Cannabidiol (CBD) is a nonpsychoactive derivative of cannabis. Studies indicate that it is safe and effective in treating certain types of epilepsy. The present study examined the presence of adverse or beneficial cognitive or functional adaptive effects associated with CBD in the treatment of children, adolescents, and teenagers with treatment-resistant epilepsy (TRE) as part of an ongoing prospective, open-label safety study.
Participants (N = 38) between the age of 3 and 19 years with TRE were enrolled in an open-label study of a pharmaceutical formulation of CBD (Epidiolex®; GW Research Ltd.) as an add-on treatment. In addition to baseline physical, neurological, and laboratory testing, cognitive assessment was completed prior to initiating CBD and after one year, both using the NIH Toolbox Cognition Battery (NIHTB-CB). Many participants were unable to complete the NIHTB-CB because of the magnitude of their cognitive impairment (n = 24), and in these cases, the participant's caregiver was asked to complete the Adaptive Behavior Assessment System – Second Edition (ABAS-II) as a measure of functional adaptive skills.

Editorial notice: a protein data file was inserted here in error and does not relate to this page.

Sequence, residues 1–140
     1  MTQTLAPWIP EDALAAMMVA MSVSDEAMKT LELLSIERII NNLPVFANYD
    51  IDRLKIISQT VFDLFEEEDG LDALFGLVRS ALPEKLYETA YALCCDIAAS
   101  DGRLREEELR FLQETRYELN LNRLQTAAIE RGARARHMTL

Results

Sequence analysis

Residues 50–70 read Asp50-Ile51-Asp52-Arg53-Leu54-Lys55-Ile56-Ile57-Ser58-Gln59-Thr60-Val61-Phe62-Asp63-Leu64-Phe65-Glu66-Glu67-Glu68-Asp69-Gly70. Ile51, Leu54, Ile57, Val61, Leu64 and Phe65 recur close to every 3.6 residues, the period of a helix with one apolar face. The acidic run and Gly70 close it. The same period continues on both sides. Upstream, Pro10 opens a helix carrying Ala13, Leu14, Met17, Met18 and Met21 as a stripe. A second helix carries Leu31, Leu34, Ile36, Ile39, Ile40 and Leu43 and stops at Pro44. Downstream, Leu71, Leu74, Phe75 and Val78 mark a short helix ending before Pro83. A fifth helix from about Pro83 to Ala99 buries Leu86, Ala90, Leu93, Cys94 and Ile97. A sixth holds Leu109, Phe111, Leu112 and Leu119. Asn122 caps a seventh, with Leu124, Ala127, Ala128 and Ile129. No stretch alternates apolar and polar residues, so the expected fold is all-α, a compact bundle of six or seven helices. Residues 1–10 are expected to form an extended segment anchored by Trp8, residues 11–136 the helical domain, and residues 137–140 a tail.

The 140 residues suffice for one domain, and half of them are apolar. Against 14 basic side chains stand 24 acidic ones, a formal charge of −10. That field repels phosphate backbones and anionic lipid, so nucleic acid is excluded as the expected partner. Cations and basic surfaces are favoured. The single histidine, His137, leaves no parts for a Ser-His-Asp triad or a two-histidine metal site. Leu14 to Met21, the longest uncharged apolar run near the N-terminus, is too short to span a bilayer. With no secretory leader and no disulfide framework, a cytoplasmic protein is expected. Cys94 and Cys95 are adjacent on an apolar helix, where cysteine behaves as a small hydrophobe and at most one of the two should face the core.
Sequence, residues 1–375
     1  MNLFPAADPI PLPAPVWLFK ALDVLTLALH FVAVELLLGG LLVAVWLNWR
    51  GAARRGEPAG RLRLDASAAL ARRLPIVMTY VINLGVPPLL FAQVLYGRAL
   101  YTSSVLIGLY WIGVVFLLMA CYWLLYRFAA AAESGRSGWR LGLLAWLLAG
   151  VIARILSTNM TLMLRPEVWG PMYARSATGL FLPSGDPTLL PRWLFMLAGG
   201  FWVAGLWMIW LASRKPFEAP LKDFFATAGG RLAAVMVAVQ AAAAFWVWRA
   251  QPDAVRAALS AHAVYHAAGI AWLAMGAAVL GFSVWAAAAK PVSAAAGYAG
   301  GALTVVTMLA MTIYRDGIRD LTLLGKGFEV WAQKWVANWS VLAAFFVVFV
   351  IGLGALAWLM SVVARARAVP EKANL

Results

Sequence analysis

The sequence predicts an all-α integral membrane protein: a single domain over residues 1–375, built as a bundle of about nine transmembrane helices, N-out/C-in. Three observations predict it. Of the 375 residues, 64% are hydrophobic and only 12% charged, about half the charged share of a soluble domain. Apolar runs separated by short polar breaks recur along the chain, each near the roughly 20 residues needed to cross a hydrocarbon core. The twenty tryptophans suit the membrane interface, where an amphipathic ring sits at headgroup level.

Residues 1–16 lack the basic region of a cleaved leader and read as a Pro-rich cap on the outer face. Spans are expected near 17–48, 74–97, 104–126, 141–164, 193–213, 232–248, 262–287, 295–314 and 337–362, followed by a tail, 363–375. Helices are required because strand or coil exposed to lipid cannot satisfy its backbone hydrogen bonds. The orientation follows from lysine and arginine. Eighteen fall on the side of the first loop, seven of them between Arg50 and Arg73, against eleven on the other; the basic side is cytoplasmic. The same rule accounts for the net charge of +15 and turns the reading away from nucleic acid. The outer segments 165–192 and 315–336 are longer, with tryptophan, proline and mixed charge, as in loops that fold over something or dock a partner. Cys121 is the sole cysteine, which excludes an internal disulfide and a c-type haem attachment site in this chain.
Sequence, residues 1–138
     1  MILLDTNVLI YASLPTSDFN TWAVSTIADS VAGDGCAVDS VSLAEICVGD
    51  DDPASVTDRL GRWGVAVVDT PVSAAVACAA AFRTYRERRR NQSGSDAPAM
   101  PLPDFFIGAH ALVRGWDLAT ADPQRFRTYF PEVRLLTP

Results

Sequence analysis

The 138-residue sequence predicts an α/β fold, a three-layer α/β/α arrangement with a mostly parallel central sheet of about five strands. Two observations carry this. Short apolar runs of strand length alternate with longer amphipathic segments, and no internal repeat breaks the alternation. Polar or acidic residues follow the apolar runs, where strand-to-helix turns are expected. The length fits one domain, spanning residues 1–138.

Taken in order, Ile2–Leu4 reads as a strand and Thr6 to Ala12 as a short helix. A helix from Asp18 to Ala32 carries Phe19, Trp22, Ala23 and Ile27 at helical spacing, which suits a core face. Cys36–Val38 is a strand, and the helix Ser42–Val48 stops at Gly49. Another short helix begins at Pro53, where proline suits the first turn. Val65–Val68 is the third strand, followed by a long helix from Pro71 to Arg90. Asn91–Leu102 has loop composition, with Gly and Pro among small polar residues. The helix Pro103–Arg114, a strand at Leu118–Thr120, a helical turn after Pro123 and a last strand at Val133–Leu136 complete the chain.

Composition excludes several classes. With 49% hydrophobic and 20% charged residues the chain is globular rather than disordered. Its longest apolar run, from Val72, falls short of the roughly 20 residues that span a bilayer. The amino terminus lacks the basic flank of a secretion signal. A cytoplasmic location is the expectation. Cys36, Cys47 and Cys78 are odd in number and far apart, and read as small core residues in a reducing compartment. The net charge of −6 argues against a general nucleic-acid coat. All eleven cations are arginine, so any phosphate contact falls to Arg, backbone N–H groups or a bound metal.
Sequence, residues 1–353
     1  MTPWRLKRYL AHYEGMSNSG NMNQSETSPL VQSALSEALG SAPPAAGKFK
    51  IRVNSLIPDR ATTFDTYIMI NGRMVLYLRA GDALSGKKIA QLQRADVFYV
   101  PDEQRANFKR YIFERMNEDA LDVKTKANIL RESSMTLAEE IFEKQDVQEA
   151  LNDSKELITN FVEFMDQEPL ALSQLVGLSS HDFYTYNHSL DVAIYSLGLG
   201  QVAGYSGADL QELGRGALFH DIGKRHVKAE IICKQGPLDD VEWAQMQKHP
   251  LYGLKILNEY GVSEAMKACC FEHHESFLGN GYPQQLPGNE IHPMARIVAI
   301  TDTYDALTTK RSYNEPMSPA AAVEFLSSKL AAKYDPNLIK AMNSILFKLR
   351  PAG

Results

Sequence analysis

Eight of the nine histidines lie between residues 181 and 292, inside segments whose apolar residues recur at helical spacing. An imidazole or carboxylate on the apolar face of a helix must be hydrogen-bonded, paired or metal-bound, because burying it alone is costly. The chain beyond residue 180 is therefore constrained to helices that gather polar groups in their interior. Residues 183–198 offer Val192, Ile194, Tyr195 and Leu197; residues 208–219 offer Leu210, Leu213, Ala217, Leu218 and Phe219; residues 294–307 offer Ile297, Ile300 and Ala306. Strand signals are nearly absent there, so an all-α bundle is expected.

There were no statistically significant changes in cognitive function, as measured by the NIHTB-CB, in those participants who were able to complete such testing, but there was a nonsignificant trend toward improvement in some cognitive domains. For participants who were unable to complete formal standardized cognitive testing because of the magnitude of their cognitive impairment, their functional adaptive skills, as measured by the ABAS-II, were unchanged after a one-year trial of CBD.
Our findings suggest that CBD, as an add-on drug for TRE in a pediatric sample, does not appear to cause adverse effects (AEs) involving cognition or adaptive function over one year of treatment.